Last month the New York Times published a letter that seriously misstated the JFK medical evidence. Harris Meyer, senior report for Modern Healthcare, called out the Times with a call for a correction. Meyer’s letter contains important information that Dennis Breo, the author of the letter (and the newspaper of record) chose to omit, perhaps because the information calls into question Breo’s reporting on the subject.
Here’s Breo’s letter, “Mysteries, Solved and Unsolved,” in which he claims that he and the Journal of the American Medical Association (JAMA) had definitely resolved questions about JFK’s autopsy in 1992
The vertical arrow points to a bullet fragment not found in JFK’s autopsy
“According to investigative journalist Jim Marrs, a new study of JFK’s autopsy reveals falsification of X-ray evidence. Marrs, author of the best-selling book, “Crossfire,” claims that the famous bullet fragment depicted in the autopsy X-ray is an artifact superimposed on the X-ray after JFK’s autopsy.
I’m no expert in the medical evidence of JFK’s assassination, but Dr. David Mantik is surely correct when he emphasizes in this just-published letter to the journal, Plastic and Reconstructive Surgery, that the interviews of medical personnel conducted by the Assassination Records Review Board, demand attention.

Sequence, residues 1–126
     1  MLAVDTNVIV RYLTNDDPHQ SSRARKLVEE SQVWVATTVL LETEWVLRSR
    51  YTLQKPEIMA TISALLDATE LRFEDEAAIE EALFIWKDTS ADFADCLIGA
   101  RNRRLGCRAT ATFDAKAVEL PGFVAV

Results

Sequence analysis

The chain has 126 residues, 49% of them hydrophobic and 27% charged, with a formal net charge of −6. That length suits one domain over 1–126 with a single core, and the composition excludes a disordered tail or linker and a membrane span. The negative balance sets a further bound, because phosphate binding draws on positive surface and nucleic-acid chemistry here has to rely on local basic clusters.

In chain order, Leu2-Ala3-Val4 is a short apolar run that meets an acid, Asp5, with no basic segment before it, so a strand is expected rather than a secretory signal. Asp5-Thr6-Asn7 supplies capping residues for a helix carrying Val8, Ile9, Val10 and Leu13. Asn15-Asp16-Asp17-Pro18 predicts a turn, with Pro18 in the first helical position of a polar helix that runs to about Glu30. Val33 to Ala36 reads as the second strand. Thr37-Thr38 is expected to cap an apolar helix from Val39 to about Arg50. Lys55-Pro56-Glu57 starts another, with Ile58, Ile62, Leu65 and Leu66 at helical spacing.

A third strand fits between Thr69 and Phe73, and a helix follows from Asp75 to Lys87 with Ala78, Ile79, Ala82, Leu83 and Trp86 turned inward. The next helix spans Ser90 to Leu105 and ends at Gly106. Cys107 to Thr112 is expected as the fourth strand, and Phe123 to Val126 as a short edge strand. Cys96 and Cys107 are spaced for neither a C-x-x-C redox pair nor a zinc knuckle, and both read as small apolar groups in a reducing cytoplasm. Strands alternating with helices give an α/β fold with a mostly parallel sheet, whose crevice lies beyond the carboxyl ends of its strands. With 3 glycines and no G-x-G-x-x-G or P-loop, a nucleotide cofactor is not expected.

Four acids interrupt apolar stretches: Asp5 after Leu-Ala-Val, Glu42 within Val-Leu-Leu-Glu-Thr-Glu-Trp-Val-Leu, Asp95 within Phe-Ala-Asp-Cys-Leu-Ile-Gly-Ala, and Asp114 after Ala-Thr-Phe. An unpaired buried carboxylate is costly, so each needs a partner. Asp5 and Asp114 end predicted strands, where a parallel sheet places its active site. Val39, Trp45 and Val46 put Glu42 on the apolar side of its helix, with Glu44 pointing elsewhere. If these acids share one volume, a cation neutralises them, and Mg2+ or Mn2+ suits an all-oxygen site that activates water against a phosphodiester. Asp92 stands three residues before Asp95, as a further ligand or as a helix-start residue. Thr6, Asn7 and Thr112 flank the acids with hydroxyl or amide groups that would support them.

“In March 1964, one hundred days after the assassination of President Kennedy, Rydberg was summoned to the office of Captain John Stover, the Commanding Officer of the Navy Medical School. It was explained to him that Commanders Humes and Boswell, two of President Kennedy’s autopsy surgeons, were about to testify before the Warren Commission and they were in need of his special talents. He was put under secret orders to prepare medical illustrations of the wounds sustained by President Kennedy.”
Last month James Jenkins, a man who witnessed the autopsy of President John F. Kennedy 50 years ago, spoke with JFK researchers in Dallas.
Doug Horne, former ARRB analyst.
One of them was Doug Horne, who served as chief analyst for military records for the Assassination Records Review Board (ARRB) in the 1990s. Horne thinks Jenkin’s story is important and I agree.
Jenkins’s story certainly can’t be dismissed as more speculation from a conspiracy theorist. In fact, Jenkins’s account is eyewitness testimony that must be acknowledged by any serious student of the JFK story.